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Reasons To Be Cheerful, Part 3

by Mark Jardine 13 Apr 2020 14:00 PDT
The view from Hurst Castle during the Round the Island Race 2019 © Mark Jardine

Under normal circumstances the Easter long weekend sees many sailing events worldwide, but 2020 is by no means normal. It seems particularly cruel in the UK after a horrendous couple of months at the beginning of the year, with weekend after weekend of named storms cancelling nearly all racing, that we've had sunshine and some great breezes, but no way to get out on the water to enjoy it.

Just a month ago the 18ft Skiff JJ Giltinan Championship was under way on Sydney Harbour - an event which was curtailed by three days as lockdowns started around the globe.

My Easters have previously been filled with Spi Ouest Regattas on the Bay of Quiberon in France, RORC Easter Challenges in Cowes, local club sailing at Keyhaven and just taking the kids out for a sail. This year it was running along the beach and gardening...

But in the scheme of things sailing isn't the focus right now. Staying at home to save lives and help protect our heroic front-line workers is. Our yachts and dinghies are rightly on their moorings or in the dinghy parks, ready to sail another day.

It's that 'sail another day' I'd like to focus on. It's sometimes all too easy to be too busy to go for a sail - be that work, family commitments, a spot of DIY, the forecast, or just feeling tired after a long week - but we all know that once we're out there we're grateful that we went.

An enforced absence can often help us appreciate things that we take for granted, and this moment of reflection will hopefully result in us discarding the excuse not to go sailing in the future, and truly appreciating just how lucky that our pastime gets us out on the sea.

I've often been asked what it is that attracts me to sailing, and I truly believe it has to be the sport's diversity. From the locations we can visit to the range of boats we can sail, you can do it individually or as a team and choose sedate cruising or high-speed foiling (and absolutely everything in between).

As sailors we can sail on a tiny lake or cross the widest ocean, but every single one of us is using the same physics to drive our boat forwards and make the most of the wind available. Sailing can be enjoyed from the time we learn to walk until well into old age, be that for fun or at a competitive level. I cannot think of any other pastime which could possibly give us all of this.

This is the time where we learn to not take sailing for granted.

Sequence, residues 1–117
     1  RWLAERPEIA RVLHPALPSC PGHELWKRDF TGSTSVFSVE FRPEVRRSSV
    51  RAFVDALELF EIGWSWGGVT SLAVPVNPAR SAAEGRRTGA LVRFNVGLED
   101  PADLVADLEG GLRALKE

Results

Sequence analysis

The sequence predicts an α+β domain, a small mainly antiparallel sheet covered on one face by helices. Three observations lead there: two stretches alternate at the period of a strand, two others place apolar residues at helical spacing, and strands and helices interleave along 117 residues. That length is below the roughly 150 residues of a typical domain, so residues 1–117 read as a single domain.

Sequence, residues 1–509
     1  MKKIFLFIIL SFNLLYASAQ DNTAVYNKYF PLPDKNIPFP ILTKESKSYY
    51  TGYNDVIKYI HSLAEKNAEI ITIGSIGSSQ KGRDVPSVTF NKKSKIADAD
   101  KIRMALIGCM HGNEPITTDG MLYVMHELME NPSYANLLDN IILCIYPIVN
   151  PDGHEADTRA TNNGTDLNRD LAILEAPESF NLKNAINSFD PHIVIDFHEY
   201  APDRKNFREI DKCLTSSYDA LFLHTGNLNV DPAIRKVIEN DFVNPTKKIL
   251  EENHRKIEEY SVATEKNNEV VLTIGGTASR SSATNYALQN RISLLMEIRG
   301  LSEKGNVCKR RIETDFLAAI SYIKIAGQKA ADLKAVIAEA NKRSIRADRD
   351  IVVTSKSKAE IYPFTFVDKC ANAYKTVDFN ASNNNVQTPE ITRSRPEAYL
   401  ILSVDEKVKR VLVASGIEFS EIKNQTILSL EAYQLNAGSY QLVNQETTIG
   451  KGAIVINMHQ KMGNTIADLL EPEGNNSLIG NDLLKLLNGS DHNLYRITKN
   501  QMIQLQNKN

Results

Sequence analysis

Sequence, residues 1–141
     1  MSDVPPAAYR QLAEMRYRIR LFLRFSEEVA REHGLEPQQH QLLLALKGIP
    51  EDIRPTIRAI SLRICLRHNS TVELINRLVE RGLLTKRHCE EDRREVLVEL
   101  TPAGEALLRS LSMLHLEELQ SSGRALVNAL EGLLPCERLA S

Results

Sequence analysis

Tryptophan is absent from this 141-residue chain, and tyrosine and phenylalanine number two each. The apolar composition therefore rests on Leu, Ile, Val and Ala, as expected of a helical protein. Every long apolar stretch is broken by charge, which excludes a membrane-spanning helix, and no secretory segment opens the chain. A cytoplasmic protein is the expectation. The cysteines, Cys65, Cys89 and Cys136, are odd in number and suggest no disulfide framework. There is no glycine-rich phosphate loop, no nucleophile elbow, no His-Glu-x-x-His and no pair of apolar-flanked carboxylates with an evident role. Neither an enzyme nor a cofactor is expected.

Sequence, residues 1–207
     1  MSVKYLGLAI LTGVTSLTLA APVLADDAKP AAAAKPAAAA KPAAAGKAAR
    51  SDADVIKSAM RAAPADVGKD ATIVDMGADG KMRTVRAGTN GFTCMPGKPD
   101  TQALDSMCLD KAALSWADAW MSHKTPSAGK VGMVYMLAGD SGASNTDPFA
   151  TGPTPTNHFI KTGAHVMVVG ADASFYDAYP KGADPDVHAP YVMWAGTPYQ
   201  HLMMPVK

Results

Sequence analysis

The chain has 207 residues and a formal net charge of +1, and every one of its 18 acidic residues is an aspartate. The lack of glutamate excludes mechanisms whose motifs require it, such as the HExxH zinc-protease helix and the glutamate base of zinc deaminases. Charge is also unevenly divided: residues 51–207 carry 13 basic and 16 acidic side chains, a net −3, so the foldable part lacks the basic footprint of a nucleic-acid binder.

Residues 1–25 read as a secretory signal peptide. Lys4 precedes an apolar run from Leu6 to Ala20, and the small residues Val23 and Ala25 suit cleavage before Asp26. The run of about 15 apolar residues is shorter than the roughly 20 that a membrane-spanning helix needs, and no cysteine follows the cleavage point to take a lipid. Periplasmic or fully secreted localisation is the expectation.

You'll be hearing from's Australian Editor John Curnow next week, where he'll be following up on his wildly successful story of the X2, the Farr Yacht Design 30-footer working in conjunction with Bret Perry's Hyperform Yachting.

In the meantime John had this to say on what he's seen in the marine community: "I think it is wonderful to see sailors adapt so well, for example getting into eSailing. The 'In Conversation' interviews with the likes of Pat Langley, Steve Cockerill, Jon Partridge and Andy Rice have been inspiring. All the boat bimblers have supplied wonderful tales, and then the online education initiatives, such as the webinar by North Sails for all Etchells on Tuesday or Wednesday this week, depending on your time zone. Yes, it is not only the ability to adapt, improvise and conquer that is wonderful to see, but the level of inclusion and contribution by the entire sailing community that remains so positive. Cheers to you all."

Following in a sometime tradition of John's, I've chosen a song as the title of this newsletter - Ian Dury and the Blockheads 'Reasons to be Cheerful, Part 3' contains the lyrics: "Summer, Buddy Holly, the working folly, Good golly, Miss Molly and boats". Let's all continue to remember our reasons to be cheerful and ensure that we make the most of our boats when we can get back out on the water.

Make sure your sailing kit is ready and you have everything you need for that great day.

We've published some truly superb stories this week - be sure to browse through the summaries below and take a look!

Take care & stay safe.

Mark Jardine & Managing Editor

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